Saturday, 15 May 2010

A View From The Stratton Bank End

I had two and a bit hours drive home from Swindon yesterday to muse over what I had just seen. In some respects, rather than find myself growing more and more anxious, I think I’m becoming more relaxed as the last remaining minutes of football are played out this season. As the required and desired outcome of this Play-Off Semi-Final becomes ever-more clear and obvious, so I become more focused on it without the nervous tension surrounding a multitude of probabilities and what if’s. That last sentence may not appear to make any sense, but it does to me! I don’t believe this is an indication, however, that I’m subconsciously preparing myself for impending failure. My conclusion following last nights game should be the same as Addicks all over; this tie is a long way from dead.

In fact, it was a far easier ride home than the outward journey to Wiltshire. For me, we have overcome a hugely difficult hurdle in getting this tricky away leg out of the way without the unthinkable scenario that the game Monday night could well have been academic. Those who saw the game would have realised that Swindon posed far more threat in front of goal, and other than a bit of good fortune mixed in with some quality goalkeeping from Randolph, this tie could very well be over. Thankfully, it is not, and although a 2-1 reverse is not ideal, it is far from a mountain to climb. That last statement will not be lost on the Swindon management, either. Swindon will go in to Monday’s game as favorites with the all the added pressure that brings and it will be interesting to see how they cope with that.

In reality, I doubt there were many Addicks who would have been brave enough to have predicted a victory yesterday. I would have settled for a score draw. Swindon is a decent footballing side who has shown steady form all season. They have some bright young stars - of which Charlie Austin stands out - who are managed by one of the more underrated, knowledgeable and experienced managers around. I think it fair to say that they have had an excellent season and will arguably be very disappointed not to make the Play-Off Final and compete for the remaining promotion place. Our season may have been less consistent or convincing in places, but over the 46 games we have earned the right to compete in this end of season, winner-takes-all mini-tournament and we remain capable of out-scoring Swindon over these two legs. Of that I remain convinced.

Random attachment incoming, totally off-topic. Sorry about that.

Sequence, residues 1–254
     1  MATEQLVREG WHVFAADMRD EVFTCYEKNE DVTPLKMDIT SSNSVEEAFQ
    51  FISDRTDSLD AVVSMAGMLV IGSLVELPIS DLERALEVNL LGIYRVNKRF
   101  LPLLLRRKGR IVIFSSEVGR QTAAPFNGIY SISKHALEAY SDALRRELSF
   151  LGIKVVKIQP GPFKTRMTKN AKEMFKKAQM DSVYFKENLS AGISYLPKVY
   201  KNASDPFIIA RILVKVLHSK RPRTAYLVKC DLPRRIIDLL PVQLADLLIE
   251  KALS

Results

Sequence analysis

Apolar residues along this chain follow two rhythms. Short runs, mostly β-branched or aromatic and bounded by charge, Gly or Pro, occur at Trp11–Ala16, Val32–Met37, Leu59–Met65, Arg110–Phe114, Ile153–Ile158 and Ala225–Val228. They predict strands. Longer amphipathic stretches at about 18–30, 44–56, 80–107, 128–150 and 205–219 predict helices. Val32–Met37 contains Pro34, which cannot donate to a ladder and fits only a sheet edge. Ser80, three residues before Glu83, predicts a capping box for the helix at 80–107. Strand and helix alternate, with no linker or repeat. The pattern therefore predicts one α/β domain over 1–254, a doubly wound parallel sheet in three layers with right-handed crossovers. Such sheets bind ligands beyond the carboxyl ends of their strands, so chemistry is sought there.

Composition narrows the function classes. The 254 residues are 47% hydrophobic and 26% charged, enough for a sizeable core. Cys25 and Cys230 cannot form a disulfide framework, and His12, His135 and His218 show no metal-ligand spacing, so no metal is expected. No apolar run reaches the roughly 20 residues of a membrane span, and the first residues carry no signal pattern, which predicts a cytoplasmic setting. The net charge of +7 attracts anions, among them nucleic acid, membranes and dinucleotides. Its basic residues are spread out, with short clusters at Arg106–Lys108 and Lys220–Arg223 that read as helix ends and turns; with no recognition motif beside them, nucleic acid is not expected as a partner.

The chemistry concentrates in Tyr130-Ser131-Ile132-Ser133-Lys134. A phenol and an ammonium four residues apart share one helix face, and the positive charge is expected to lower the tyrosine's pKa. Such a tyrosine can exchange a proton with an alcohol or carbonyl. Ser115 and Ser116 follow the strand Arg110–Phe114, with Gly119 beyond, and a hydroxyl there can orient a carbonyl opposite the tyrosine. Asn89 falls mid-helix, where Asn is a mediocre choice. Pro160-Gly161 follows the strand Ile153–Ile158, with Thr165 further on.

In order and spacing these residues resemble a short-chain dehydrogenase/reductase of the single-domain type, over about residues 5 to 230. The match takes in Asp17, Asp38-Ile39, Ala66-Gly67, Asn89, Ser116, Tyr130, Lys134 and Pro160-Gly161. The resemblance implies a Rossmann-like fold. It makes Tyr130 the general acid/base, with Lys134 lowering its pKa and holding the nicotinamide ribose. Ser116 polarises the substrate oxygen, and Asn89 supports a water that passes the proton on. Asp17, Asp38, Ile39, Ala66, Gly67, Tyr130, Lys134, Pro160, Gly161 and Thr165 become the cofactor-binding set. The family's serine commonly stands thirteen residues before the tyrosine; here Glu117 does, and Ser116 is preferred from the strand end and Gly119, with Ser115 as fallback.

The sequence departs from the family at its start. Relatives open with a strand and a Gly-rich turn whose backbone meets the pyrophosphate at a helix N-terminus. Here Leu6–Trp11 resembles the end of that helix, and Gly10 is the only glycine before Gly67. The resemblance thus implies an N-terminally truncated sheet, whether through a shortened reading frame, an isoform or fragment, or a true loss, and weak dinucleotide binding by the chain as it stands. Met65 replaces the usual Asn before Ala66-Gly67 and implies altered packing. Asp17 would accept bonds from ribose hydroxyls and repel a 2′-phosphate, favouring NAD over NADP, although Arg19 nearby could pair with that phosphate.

I won’t offer general player analysis from last night. Others will do a far better job of summerising the performance than me, not least of all as I have always found it difficult to really get a feel of the general pattern of games from behind the goal (I sit overlooking the half way line at the Valley). All I would say is I felt the gamble to play Sam Sodje clearly never worked. He looked like a man conscious of the limitations of whatever injury he has, and his performance suffered because of it. I don’t think it was coincidence that we looked a little vulnerable at the back at times. For me, Sam Sodje is an ‘all or nothing’ player, and Parky has a very tough choice to make for the second leg.

So on to the Valley. If the reports are correct, we are likely to get close to a sell-out. There are few things better than big games played out under floodlight in SE7. I fully expect the Charlton players to raise their game and play with the sort of confidence you’d expect from a home side (as Swindon showed last night) and an early goal for the Addicks would set things up nicely. There will always be debates about whether it is better to be at home or away first in these two-legged affairs. I think last night’s scoreline highlights to me the importance of home advantage in the second leg. If I was waking up as a Swindon fan this morning, I would be rightly pleased with the victory (and performance), but nervous that those missed opportunities may well prove critical with a daunting trip to the Valley to come. A first leg victory is most welcome, of course, but they are difficult to celebrate to any great degree with so much left to play for. The ‘Wembley’ chants from the Swindon fans seemed a tad premature to me (although, understandable to some degree by the nature of football fans)

So, in short, our entire season has come down to 90 mins of football in which we start the game with a goal disadvantage.

I remain hopeful…

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